Chronic pelvic pain can be a challenge to treat for many reasons, not least because it manifests in myriad ways, making it difficult even to nail down a definition of the term. The pathology behind chronic pelvic pain (CPP) is equally complex.

The authors of a new literature review comment on the potential consequences of this complex situation. They point out that because CPP is difficult to diagnose, patients are often not evaluated by pain management specialists until they have been unsuccessfully treated by two or more specialists from other fields, typically including gynecology.

At this point, they wrote, “CPP has often evolved into a chronic phase, rendering techniques including physical therapy, nerve blocks, radiofrequency lesions, and pharmacologic options increasingly ineffective. In such patients, neuromodulation may be the last bastion of potentially effective therapy.” Perhaps for that reason, interest in the potential of neuromodulation to treat CPP has increased in recent years. The 2022 narrative review, published in Pain and Therapy, set out to evaluate the state of the latest research on neuromodulation for CPP.¹

The reviewers looked at a variety of neuromodulatory approaches to the treatment of chronic pelvic pain, including:¹

  • sacral neuromodulation (SNM)
  • conus medullaris stimulation (CMS)
  • dorsal root ganglion (DRG) stimulation
  • dorsal column spinal cord stimulation (SCS)
  • pudendal nerve stimulation (PNS)

Prioritizing newer papers and primary manuscripts wherever possible, the researchers searched PubMed, Medline, SciHub, Cochrane, and Google Scholar for studies on neuromodulation treatments for chronic pelvic pain.

Sacral Neuromodulation

A minimally invasive approach, sacral neuromodulation (SNM) was well documented primarily in the treatment of interstitial cystitis/bladder pain syndrome (IC/BPS), with 15 of 35 studies found in this review limited to this indication. All but one study found improvement in long-term pain outcomes in the majority of patients who had at least one follow-up. While adverse effects were inconsistently reported, researchers did note complications for SNM, including explant from infection, pain at implantation site, poor analgesic efficacy, intolerable paresthesias, lead migration or displacement, lead breakage, and device failure (usually consisting of device malfunction or battery failure).

Conus medullaris stimulation, or CMS, for CPP was described in only one multicenter prospective case study, which involved 27 patients with refractory pudendal neuralgia. Twenty of the 27 subjects progressed to permanent CMS implantation. At 15-month follow-up, the average estimated improvement was 55.5%. Complications were minor, and all patients said they would undergo the procedure again.

Dorsal Root Ganglion Stimulation

DRG stimulation was found to be a promising treatment, with studies finding an average decrease of greater than 50% in visual analog scales (VAS) and numerical rating scales in all multi-patient studies. Patients also reported better function and mobility, as well as improved quality of life.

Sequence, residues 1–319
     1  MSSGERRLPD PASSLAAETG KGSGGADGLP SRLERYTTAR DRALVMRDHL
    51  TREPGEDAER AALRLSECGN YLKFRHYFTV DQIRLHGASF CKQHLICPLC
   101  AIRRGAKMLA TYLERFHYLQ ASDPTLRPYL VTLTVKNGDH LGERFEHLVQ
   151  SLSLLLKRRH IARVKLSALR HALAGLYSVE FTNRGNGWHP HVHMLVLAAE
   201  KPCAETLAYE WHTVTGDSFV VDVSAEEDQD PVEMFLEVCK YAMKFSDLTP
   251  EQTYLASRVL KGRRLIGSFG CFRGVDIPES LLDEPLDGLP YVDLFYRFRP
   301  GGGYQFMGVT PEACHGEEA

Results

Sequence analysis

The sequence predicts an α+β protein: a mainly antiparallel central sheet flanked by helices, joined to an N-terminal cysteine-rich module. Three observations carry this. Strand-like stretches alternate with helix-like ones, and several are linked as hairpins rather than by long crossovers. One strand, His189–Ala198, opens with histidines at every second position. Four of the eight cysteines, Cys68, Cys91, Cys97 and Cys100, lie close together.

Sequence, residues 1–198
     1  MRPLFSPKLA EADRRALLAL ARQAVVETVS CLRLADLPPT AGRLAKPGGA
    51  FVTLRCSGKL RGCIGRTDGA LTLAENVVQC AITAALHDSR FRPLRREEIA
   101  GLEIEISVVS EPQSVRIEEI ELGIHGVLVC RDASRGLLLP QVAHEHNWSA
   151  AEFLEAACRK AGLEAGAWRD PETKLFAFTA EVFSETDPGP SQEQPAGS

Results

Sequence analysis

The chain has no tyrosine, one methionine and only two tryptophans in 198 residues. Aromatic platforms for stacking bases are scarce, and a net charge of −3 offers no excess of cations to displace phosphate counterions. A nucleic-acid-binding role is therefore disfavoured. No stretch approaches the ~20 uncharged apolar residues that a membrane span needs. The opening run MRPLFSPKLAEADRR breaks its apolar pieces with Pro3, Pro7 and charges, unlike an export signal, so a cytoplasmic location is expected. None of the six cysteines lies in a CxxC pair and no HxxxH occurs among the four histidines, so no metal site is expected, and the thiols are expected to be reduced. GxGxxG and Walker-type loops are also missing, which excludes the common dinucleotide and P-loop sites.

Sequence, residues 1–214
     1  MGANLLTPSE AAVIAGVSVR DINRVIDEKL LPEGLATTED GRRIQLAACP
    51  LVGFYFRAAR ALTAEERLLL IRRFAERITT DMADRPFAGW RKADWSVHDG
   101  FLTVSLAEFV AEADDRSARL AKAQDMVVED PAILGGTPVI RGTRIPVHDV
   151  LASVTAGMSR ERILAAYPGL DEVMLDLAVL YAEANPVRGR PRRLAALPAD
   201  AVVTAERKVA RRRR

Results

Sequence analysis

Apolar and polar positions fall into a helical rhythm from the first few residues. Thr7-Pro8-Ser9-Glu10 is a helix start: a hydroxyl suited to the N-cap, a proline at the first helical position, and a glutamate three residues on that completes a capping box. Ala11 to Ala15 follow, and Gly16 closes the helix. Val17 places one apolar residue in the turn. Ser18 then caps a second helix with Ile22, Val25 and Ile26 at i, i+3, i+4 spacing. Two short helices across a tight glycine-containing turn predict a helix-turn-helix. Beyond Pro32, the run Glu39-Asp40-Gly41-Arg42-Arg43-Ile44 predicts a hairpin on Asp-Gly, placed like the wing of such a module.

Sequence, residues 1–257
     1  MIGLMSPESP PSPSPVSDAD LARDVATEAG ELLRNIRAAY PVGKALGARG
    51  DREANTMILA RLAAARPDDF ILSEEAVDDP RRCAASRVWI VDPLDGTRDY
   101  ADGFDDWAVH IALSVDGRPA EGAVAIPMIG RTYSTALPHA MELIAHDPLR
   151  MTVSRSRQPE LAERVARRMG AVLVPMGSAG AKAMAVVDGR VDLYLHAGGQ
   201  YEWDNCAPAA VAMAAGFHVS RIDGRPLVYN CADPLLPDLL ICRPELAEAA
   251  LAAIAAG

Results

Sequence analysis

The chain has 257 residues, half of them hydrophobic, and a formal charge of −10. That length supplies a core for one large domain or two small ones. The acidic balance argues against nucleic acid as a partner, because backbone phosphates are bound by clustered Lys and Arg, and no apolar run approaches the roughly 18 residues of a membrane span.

“While the efficacy of neuromodulation for CPP often depends on adequate lead positioning, a lack of consensus exists with respect to the optimal target and location of leads,” Alan D. Kaye, MD, PhD, told PPM. Dr. Kaye is an anesthesiologist and director of the Pain Program Fellowship at Louisiana State University School of Medicine, editor-in-chief of the journal Pain Physician, and one of the study’s authors. “In this regard, DRG stimulation has been observed to provide significant pain relief for study participants,” he said.

The reviewers found 10 studies evaluating dorsal column SCS for managing CPP. Only one study was an RCT, comparing SCS to DRG stimulation. The others were case reports or case series, totaling 56 patients in all. These studies included patients with different pain etiologies, including irritable bowel syndrome, pudendal neuralgia, post-herniorrhaphy pain, and non-specific pelvic pain. The results suggest that SCS could be a useful therapy, though the researchers found no RCTs comparing SCS to placebo for pelvic pain.

Pudendal Nerve Stimulation

Data was limited for pudendal nerve stimulation as well. The reviewers found only five studies totaling 129 patients: a case series, a case report, two retrospective studies, and one prospective, double-blind crossover trial that compared PNS with sacral stimulation. From this limited data, the authors suggest that PNS “appears to have a positive impact on pelvic pain outcomes.”¹

Practical Takeaways

In their final analysis,¹ the researchers found evidence of benefit for all of the neuromodulation approaches reviewed. However, the data in general were of low quality and limited, particularly regarding study conditions and sample sizes, a finding that was not unexpected.


  1. Hao D, Yurter A, Chu R, et al. Neuromodulation for Management of Chronic Pelvic Pain: A Comprehensive Review. Pain Ther. 2022;11(4):1137-1177. doi:10.1007/s40122-022-00430-9